Volume 91, Issue 70
Tuesday, February 3, 1998
Police officers at the university and around London were busy early Sunday morning as nine fights broke out following a Western Indo-Canadian Students' Association event held at the Wave.
University Police Department Const. Wendy McGowan said no charges were laid during the incidents, which began outside the University Community Centre at approximately 3 a.m.. Nine separate fights occurred on Concrete Beach, outside the Social Science Centre and in the Social Science parking lot. UPD called the London Police Department for back-up to break up the fights which involved approximately 100 people. Eight police officers, four from UPD and four from LPD were involved, McGowan said.
One incident involved eight or nine males kicking and punching one individual on the ground and a UPD sergeant suffered minor injuries while trying to break up the fight, McGowan reported.
Andrew Mes, assistant manager of the Wave, said because of similar problems with the WICSA event last year and the large number of people expected to attend the pub, eight extra security people were employed inside the bar. "It's our policy to make sure everything is safe inside the bar, but what goes on outside is the responsibility of the UPD," Mes said.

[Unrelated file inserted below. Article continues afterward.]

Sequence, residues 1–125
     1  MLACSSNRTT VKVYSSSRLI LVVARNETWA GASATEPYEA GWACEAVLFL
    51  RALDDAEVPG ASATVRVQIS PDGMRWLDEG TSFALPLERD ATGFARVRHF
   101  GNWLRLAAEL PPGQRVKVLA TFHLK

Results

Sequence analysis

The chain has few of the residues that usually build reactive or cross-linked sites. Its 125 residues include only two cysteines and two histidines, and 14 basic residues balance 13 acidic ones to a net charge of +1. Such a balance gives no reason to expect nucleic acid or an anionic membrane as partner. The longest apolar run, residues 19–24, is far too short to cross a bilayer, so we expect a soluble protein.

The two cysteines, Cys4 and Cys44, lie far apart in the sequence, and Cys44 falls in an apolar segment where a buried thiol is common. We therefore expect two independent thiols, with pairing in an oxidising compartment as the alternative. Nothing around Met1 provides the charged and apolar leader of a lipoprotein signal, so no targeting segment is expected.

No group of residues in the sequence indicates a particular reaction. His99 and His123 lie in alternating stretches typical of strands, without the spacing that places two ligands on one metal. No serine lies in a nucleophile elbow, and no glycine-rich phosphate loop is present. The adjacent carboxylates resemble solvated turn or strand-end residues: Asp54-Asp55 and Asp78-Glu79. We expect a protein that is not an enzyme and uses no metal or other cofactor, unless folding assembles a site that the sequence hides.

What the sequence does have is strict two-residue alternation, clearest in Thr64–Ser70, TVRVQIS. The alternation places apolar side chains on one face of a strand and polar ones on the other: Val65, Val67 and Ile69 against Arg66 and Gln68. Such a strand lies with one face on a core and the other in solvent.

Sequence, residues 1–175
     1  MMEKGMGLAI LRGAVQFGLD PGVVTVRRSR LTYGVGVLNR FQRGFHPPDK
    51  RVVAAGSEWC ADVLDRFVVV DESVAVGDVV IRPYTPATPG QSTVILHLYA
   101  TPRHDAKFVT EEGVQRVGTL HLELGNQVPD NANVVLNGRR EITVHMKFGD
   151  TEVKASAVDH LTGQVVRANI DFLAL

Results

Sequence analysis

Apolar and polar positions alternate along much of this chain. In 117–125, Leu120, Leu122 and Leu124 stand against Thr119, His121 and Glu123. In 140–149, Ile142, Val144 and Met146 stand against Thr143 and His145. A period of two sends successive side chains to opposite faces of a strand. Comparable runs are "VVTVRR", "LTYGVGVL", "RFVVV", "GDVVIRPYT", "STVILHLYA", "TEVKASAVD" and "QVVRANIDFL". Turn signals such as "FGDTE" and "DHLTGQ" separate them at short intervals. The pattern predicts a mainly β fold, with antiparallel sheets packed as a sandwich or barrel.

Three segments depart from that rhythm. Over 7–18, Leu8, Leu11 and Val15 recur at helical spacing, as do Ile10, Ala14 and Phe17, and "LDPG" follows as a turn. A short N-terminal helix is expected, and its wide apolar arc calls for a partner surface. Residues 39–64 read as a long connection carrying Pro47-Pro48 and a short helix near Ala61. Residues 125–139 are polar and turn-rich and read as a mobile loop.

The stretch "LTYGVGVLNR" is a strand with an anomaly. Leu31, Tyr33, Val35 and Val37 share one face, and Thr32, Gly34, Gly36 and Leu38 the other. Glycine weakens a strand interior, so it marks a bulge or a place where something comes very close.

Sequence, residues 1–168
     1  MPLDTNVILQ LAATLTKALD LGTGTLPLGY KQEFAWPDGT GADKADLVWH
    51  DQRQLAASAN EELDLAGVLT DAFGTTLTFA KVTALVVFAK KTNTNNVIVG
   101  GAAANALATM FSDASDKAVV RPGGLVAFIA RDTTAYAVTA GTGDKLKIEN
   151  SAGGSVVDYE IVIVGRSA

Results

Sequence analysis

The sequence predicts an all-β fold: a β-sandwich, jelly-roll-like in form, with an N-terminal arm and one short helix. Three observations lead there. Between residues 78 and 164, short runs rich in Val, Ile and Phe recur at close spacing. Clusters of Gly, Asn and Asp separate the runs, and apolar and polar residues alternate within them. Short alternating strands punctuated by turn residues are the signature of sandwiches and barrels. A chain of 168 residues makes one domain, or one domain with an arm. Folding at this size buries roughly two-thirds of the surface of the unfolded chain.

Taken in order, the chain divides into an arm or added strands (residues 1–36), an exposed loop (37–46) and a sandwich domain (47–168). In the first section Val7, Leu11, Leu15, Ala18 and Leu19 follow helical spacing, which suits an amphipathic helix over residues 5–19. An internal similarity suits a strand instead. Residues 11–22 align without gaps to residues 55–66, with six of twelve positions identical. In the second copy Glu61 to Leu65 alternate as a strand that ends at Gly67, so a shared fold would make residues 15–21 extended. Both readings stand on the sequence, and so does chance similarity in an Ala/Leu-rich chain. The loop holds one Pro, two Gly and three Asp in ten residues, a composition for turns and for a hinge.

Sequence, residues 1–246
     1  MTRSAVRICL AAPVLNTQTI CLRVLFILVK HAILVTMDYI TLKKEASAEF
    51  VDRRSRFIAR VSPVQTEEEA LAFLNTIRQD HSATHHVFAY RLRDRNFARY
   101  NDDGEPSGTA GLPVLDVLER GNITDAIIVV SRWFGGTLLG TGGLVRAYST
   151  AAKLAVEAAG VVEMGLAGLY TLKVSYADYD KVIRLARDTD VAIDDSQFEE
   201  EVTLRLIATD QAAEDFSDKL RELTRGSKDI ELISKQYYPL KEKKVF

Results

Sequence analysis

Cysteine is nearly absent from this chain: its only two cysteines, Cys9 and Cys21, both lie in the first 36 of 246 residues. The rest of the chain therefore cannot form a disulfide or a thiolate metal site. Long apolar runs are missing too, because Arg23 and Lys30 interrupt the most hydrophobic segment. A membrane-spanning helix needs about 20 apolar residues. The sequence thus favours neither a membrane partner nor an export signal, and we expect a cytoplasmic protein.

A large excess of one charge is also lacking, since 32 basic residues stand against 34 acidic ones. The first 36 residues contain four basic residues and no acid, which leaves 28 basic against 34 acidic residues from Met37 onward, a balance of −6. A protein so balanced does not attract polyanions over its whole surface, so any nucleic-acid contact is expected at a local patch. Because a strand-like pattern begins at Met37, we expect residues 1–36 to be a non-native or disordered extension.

Yesterday marked the beginning of Western's sixth annual Fine Arts Festival which promises to enlighten and educate students over the next week.
Today's free events, beginning at noon, include the performance of piano player and singer Corwyn at the Wave in addition to the Western Horn Quartet in the atrium of the University Community Centre. Students can also support the festival by attending the Battle of the Bands tonight at the Wave which begins at 7:30 p.m..
The week-long event kicked-off in the Social Science Centre by the Arts Advocacy Panel made up of speakers including faculty of visual arts chair Madeline Lennon and music professor Paul Woodford.
"The panel [spoke] about the importance of fine arts, especially now with the cutbacks," said Melissa Johnson, fine arts commissioner for the University Students' Council. "Arts drive within the community, so why not within the university."
The cost for this week's events range from free to $3, or students can purchase a festival pass for $8 at InfoSource. All proceeds will be contributed to next year's festival.
University Students' Council presidential candidates offered students their version of Kraft Dinner in a taste-test contest held yesterday in the atrium of the UCC.
The winner of the contest was Ian Armour with 46 per cent of the votes, followed by Jarmila Zakova with 22 per cent, Brett Slade with 18 per cent, Warren Tilston with nine per cent and last but not least, Peter Hill with five per cent of the Kraft-iest vote.
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